Although many people are financially harmed by the coronavirus pandemic, banks and credit unions have seen a large increase in savings.
“When the pandemic hit consumers, our members started saving,” said Todd Lane, executive director of the California Coast Credit Union. “Personal savings rates in 2020 were double, almost double, compared to what we saw before the pandemic.”
This savings rate is measured as a percentage of your income that you save. Lane said the rate in 2019 was around 7%, but jumped to 34% in April last year before slowly falling. Last month, the CCCU recorded a savings rate of 13.6%.
Lane said the pandemic changed the way people used their money.
“They cut costs,” Lane said. “Discretionary consumption has indeed fallen. The same for travel, leisure and restaurants.”
Other domestic banks and credit unions had the same trend.
“Since the start of the pandemic last March, the Fed Mission’s credit union has seen record year-on-year growth in deposits, exceeding 20%,” Fed Mission Chief Financial Officer Doug Wright said in a statement. “Every time government stimulus checks are issued, we record strong deposit growth.”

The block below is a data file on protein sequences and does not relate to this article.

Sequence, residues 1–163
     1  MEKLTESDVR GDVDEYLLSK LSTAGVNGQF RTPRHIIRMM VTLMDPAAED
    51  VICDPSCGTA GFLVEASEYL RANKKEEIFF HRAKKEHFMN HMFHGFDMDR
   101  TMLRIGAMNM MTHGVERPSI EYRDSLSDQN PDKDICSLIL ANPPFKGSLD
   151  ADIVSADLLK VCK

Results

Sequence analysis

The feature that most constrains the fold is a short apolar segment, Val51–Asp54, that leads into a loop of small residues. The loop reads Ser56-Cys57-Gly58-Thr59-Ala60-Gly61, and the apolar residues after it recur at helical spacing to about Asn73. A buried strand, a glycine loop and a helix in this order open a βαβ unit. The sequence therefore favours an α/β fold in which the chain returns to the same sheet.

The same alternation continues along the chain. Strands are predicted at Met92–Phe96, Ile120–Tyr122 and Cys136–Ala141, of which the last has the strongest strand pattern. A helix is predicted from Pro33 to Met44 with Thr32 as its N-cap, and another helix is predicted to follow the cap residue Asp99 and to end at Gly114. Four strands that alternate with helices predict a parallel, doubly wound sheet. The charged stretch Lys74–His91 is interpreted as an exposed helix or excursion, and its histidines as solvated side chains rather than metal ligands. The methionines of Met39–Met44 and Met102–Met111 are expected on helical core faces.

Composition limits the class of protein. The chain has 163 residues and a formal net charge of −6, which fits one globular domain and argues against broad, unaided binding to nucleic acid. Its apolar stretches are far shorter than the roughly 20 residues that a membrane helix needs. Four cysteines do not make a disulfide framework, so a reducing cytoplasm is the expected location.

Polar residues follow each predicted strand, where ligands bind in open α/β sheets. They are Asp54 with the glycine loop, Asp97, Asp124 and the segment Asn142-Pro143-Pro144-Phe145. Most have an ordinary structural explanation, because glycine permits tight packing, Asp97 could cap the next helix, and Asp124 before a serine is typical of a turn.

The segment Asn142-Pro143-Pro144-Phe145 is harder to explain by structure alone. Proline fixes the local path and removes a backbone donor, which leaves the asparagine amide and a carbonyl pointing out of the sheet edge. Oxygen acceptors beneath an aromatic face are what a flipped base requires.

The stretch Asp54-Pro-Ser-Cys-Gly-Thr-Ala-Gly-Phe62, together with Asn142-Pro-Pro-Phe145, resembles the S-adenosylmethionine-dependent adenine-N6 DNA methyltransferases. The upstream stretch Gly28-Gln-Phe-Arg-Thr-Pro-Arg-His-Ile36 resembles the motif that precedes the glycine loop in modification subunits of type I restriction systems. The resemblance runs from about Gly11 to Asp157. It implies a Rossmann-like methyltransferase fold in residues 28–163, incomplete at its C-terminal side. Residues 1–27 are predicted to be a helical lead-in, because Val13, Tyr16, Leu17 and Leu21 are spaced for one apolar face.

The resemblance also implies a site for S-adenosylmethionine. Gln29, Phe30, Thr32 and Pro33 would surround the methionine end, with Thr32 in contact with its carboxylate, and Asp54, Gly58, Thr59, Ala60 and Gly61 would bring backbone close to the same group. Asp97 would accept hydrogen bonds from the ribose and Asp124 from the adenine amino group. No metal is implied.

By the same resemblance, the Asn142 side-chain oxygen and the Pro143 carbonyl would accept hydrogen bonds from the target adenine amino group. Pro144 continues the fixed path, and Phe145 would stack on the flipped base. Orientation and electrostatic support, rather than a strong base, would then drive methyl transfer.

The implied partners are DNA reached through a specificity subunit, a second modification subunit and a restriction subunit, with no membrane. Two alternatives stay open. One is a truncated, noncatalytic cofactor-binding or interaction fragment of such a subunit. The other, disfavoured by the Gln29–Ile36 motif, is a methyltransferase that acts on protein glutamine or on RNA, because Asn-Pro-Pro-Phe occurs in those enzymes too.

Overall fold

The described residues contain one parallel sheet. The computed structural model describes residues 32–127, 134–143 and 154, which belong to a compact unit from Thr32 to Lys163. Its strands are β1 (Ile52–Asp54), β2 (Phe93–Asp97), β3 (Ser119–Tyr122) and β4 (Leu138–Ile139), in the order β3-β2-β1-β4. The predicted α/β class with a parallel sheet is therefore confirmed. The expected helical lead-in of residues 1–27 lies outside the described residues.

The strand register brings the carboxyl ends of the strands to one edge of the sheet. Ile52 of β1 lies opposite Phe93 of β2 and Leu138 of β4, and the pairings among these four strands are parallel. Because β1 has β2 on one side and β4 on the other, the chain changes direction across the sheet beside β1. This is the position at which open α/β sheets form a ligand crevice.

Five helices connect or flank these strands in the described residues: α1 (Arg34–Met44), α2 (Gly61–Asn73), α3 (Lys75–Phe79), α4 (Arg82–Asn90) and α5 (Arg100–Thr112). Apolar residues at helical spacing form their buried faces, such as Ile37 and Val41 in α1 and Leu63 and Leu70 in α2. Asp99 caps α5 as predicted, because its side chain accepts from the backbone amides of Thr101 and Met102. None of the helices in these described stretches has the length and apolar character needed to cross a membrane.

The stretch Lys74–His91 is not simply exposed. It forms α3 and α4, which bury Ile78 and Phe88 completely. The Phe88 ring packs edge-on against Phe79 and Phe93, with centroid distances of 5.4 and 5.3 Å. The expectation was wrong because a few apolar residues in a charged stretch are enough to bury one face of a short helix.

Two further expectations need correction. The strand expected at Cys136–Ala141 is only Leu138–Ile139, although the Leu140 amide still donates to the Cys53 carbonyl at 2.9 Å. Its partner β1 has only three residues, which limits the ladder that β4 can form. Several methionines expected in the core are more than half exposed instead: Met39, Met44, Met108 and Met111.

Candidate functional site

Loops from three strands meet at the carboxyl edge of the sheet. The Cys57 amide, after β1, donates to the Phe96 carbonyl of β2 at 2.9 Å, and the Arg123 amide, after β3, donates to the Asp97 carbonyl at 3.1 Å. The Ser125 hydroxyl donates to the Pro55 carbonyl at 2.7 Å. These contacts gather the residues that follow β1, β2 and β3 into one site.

Lane said many people have saved the first and second stimulus checks and are now spending the third.
“We haven’t seen such savings in many, many decades,” Lane said. “Consumers are delaying the purchase of this new car and have been very disciplined about using their credit cards.”
Both the Fed Mission and the CCCU told NBC 7 to see how people put savings as a priority, even putting that money into retirement savings accounts like the 401k or the Roth IRA.
And it’s not just stimulus checks. The pandemic seems to have changed people’s priorities.
“Whether our members received incentive funds or not, many of them have given priority to savings over the past year,” Wright said. “While we anticipate that part of these funds will be used as the economy opens up, we expect a large part to continue to be saved, based on past experience.”
Lane said that doesn’t mean people are good financially, but that their priorities have changed.
“We just don’t know yet what will happen,” Lane said. “Will they hurry up and buy consumer goods? Or will they keep them for the next rainy day?”
If you can, Lane suggests taking as much as you can for a rainy day. He recommends rule three when it comes to budgeting. This means that a third of your money goes to savings after supplies, a third to debts, and a third to personal needs and desires.
“Is consumer financial health really as good as that personal savings rate shows?” Lane asked. “I’m not convinced right now.”